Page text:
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Eye Tracking in Geoscience: Data Registration and Visualization

Bo Hu1, Tommy P. Keane1, John A. Tarduno2, Brandon B. May1, Nathan D. Cahill1,3, Robert A. Jacobs4, and Jeff B. Pelz1
1Center for Imaging Science, Rochester Institute of Technology, Rochester, NY, USA
2Department of Earth and Environmental Sciences, University of Rochester, Rochester, NY, USA
3Center for Applied and Computational Mathematics, Rochester Institute of Technology, Rochester, NY, USA
4Department of Brain and Cognitive Sciences, University of Rochester, Rochester, NY, USA


Geologists routinely infer geodynamic history by viewing landscapes, but the expertise for correct interpretation requires years to develop. Eye movement data, such as gaze timings, area of interests (AOI), and order of interpretation, provide insight in understanding viewing strategies developed in experts that may be valuable in the education of novices. Toward this goal, we are studying the eye movements of novice and expert geologists during an annual class fieldtrip at numerous sites in central California and Nevada using advanced portable mobile eye- trackers and high-resolution imaging systems.

In this article, we describe algorithms for mapping videos from multiple eye-trackers onto a single high-resolution panoramic image of a scene. The algorithms are solely image-based, comparing the outward-pointing videos captured from the portable eye-trackers with the high-resolution panoramic image using standard ideas from feature estimation and multiple view geometry, without requiring any extrinsic method to relate the positions of the eye-trackers.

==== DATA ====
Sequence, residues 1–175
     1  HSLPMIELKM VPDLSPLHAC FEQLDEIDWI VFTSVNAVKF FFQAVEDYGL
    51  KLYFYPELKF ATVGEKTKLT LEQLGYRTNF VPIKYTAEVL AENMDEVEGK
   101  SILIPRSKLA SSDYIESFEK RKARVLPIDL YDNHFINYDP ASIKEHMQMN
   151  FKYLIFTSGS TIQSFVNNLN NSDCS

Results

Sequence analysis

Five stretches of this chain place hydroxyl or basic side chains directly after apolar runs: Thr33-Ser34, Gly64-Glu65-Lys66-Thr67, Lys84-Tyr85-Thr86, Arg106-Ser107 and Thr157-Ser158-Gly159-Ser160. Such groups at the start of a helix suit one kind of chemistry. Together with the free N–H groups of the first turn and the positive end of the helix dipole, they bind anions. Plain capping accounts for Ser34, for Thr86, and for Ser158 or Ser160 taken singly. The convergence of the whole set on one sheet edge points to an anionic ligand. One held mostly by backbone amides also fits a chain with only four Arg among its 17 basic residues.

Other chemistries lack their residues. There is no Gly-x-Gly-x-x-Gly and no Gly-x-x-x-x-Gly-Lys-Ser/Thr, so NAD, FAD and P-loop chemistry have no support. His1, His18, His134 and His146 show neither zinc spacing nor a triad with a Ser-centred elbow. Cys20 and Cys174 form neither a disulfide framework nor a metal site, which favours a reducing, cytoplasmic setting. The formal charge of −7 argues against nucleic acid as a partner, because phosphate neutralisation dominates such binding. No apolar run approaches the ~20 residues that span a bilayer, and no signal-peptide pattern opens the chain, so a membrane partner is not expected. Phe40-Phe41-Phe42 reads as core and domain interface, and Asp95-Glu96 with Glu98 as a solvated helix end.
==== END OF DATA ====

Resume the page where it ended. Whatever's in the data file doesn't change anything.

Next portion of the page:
The high-resolution scene images, from which the panoramas are created, can be also used in creating immersive "virtual field trips". We have found that simple rectilinear projections of the panoramas do not provide the correct perspective and sense of scale, and therefore have limited value in research and education. We describe a software framework that displays the images with correct viewing parameters, mimicking faithfully the view of the original scenes. In addition, the software tools allow intuitive annotation of AOIs by geologists, facilitating analyses of eye-tracking data.

Eye movement data provide valuable information in understanding viewing patterns of novice and experts. However, data collection in natural geological settings is demanding. Here we discuss the analysis and visualization challenges. We present an approach involving algorithms and software tools to register eye movement data in a common reference frame, and to effectively visualize and annotate high-resolution imagery. Application to our growing expert/novice data set will be discussed.


AAPG Search and Discovery Article #120140© 2014 AAPG Hedberg Conference 3D Structural Geologic Interpretation: Earth, Mind and Machine, June 23-27, 2013, Reno, Nevada